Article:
Networking

CTIA Wireless 2008: Less regulation, open networks, and a growing demand for data

Bill Detwiler, TechRepublic's Head Technology Editor, is in Las Vegas this week covering CTIA Wireless 2008, which runs April 1-3. During the Day 1 keynotes, speakers discussed the wireless industries top concerns and current trends.

I'm in Las Vegas this week covering CTIA Wireless 2008, which runs April 1-3 at the Las Vegas Convention Center. During the Day 1 keynotes, speakers discussed the wireless industries top concerns and current trends.

Open networks and calls for less government regulation

During his keynote, Lowell McAdam, President and CEO of Verizon Wireless and CTIA Chairman, explained that the "industry is at a critical crossroads." He asked attendees to embrace new entrants into the market (Apple, Google, and others) and said the wireless industry must eliminate industry practices and policies that don't make sense for customers. Not only would this benefit consumers, but help avoid additional government regulation.

Lowell McAdam, President and CEO of Verizon Wireless, at CTIA Wireless 2008

Lowell McAdam, President and CEO of Verizon Wireless, at CTIA Wireless 2008

Credit: Bill Detwiler/TechRepublic.com

As lobbying efforts for phone companies to open their networks grow, several wireless carriers have taken preemptive steps to avoid government regulation. In November 2007, Verizon announced plans to let consumers use any compatible phone on the Verizon network, and let owners run any application on their phones. Other carriers are following along. AT&T has also announced an open network offering. T-Mobile and Sprint Nextel are working with Google in its Open Handset Alliance.

In an apparent nod to the industry's open network efforts, Kevin Martin, Federal Communications Commission Chairman, expressed his hope that the wireless industry would play a larger role in communications and government less. Martin said 93 percent of people in the US can choose from three wireless providers in their area and 90 percent can choose from four. "Wireless is the poster child for competition," Martin said.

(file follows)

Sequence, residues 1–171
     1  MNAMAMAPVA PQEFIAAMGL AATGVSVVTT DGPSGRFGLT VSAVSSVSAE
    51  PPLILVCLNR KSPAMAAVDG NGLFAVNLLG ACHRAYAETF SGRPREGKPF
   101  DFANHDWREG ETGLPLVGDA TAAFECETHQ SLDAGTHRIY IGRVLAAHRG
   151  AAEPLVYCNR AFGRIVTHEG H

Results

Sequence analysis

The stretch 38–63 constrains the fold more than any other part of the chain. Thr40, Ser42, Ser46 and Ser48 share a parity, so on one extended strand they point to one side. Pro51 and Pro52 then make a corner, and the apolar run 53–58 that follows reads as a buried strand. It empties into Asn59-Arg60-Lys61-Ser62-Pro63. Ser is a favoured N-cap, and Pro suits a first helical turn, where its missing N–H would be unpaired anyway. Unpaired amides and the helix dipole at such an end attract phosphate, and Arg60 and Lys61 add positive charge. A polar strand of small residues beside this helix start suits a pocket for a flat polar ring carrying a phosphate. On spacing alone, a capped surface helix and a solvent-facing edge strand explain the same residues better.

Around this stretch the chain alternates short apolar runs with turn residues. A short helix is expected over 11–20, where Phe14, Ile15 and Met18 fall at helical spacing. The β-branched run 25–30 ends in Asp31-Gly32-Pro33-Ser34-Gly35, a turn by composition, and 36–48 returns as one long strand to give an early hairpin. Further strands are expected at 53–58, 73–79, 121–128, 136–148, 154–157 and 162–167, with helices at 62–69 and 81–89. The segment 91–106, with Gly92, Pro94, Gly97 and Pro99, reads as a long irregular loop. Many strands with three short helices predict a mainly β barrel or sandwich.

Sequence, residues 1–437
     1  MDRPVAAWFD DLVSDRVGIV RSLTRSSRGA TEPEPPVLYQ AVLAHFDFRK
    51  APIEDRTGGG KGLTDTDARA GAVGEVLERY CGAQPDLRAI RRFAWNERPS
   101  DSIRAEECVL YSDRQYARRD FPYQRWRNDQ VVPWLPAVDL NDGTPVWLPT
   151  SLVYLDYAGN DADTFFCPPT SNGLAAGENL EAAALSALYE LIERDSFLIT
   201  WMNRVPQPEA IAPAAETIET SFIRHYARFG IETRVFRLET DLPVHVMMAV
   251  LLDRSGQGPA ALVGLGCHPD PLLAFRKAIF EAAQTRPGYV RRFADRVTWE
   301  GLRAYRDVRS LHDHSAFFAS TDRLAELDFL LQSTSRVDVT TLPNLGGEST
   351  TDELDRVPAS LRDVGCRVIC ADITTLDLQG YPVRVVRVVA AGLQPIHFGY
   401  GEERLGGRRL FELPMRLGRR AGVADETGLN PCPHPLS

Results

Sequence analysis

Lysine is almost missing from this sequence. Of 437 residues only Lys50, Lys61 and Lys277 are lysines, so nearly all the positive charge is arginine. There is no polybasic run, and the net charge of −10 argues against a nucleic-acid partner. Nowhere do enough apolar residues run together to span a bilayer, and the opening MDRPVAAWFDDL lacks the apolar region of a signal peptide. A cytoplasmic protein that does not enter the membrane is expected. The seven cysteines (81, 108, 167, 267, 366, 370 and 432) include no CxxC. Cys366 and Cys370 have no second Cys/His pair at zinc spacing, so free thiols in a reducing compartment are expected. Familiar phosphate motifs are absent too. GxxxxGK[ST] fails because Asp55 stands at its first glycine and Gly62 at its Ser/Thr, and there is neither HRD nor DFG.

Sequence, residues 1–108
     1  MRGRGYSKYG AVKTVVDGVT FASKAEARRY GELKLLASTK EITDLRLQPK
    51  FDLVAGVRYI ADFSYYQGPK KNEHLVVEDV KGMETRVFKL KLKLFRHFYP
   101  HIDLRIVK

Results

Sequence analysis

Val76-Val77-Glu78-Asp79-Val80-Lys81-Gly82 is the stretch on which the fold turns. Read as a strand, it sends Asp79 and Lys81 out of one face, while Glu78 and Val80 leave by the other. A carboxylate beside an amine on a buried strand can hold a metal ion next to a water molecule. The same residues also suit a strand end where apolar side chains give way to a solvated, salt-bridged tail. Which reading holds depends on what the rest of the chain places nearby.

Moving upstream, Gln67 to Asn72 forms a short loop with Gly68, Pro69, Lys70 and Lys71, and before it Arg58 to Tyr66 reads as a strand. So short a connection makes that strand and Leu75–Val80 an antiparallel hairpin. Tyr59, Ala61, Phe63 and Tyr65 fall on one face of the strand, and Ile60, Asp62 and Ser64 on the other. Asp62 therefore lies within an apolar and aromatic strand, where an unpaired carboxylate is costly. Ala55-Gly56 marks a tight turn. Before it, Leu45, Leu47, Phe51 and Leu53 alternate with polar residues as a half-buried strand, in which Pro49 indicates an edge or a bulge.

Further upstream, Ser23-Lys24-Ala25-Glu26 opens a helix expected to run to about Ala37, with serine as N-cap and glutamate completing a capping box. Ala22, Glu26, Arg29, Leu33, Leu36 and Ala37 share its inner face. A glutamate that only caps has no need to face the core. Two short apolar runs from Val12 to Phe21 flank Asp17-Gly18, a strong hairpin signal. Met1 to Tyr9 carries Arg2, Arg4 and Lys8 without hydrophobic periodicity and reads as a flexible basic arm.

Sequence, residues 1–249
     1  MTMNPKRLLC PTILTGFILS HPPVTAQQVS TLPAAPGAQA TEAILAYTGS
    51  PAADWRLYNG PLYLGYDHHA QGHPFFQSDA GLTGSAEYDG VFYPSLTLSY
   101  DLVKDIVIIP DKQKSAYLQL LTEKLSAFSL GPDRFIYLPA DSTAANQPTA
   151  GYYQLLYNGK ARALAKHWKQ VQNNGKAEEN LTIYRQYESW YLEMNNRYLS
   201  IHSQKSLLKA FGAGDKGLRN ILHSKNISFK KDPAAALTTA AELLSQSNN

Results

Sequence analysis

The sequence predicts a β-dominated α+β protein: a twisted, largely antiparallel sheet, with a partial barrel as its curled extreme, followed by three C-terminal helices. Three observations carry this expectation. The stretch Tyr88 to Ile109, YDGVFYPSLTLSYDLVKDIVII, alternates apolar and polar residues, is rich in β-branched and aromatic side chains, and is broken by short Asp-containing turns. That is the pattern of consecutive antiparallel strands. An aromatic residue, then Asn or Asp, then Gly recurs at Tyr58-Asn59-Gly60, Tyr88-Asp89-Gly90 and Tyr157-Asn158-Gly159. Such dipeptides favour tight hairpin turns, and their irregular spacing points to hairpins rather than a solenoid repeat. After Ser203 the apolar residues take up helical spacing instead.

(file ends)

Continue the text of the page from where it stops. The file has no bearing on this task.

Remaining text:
Kevin Martin, Chairman of the FCC, at CTIA Wireless 2008

Kevin Martin, Chairman of the FCC, at CTIA Wireless 2008

Credit: Bill Detwiler/TechRepublic.com

In closing, Martin offered a reward to the incumbent carriers. He said it was premature to require any additional regulation, and said he would circulate a proposal among the four other FCC commissioners to dismiss Skype's petition to apply Carterfone rules to the wireless industry. In 1968, the FCC ruled that the Carterfone and other devices could be connected directly to the Bell telephone network, so long as they did not damage the system. Martin's comments drew cheers and applause from many keynote attendees.

Higher-speed networks that can transmit more data

As customers expect instant access to data-intensive applications, the wireless industry must respond. Dan Hesse, Sprint Nextel's President and CEO, said data was the wireless industry's future. He outlined Sprint Nextel's plans to focus on instantaneous communication by:

  • Offering push-to-talk on the company's CDMA network later this year
  • Allowing user to reach groups of individuals through push-to-talk
  • Launching the push-to-X feature which expands the push-to functionality into e-mail and other applications.

Dan Hesse, President and CEO of Sprint Nextel, at CTIA Wireless 2008

Dan Hesse, President and CEO of Sprint Nextel, at CTIA Wireless 2008

Credit: Bill Detwiler/TechRepublic.com

Hesse also mentioned Sprint's Simply Everything plan, which allows customers to use unlimited data, text messaging, voice, and more for a flat $99 monthly fee-excluding taxes. Discussing Sprint's desire to lead the way in broadband wireless, Hesse spoke about the company's WiMax initiative through XOHM-a new Sprint business unit focused on WiMax. Sprint currently owns WiMax licenses that cover 80 percent of the U.S. population, and Hesse believes WiMax will be part of a winning strategy for the company.

About

Bill Detwiler is Managing Editor of TechRepublic and Tech Pro Research and the host of Cracking Open, CNET and TechRepublic's popular online show. Prior to joining TechRepublic in 2000, Bill was an IT manager, database administrator, and desktop supp...

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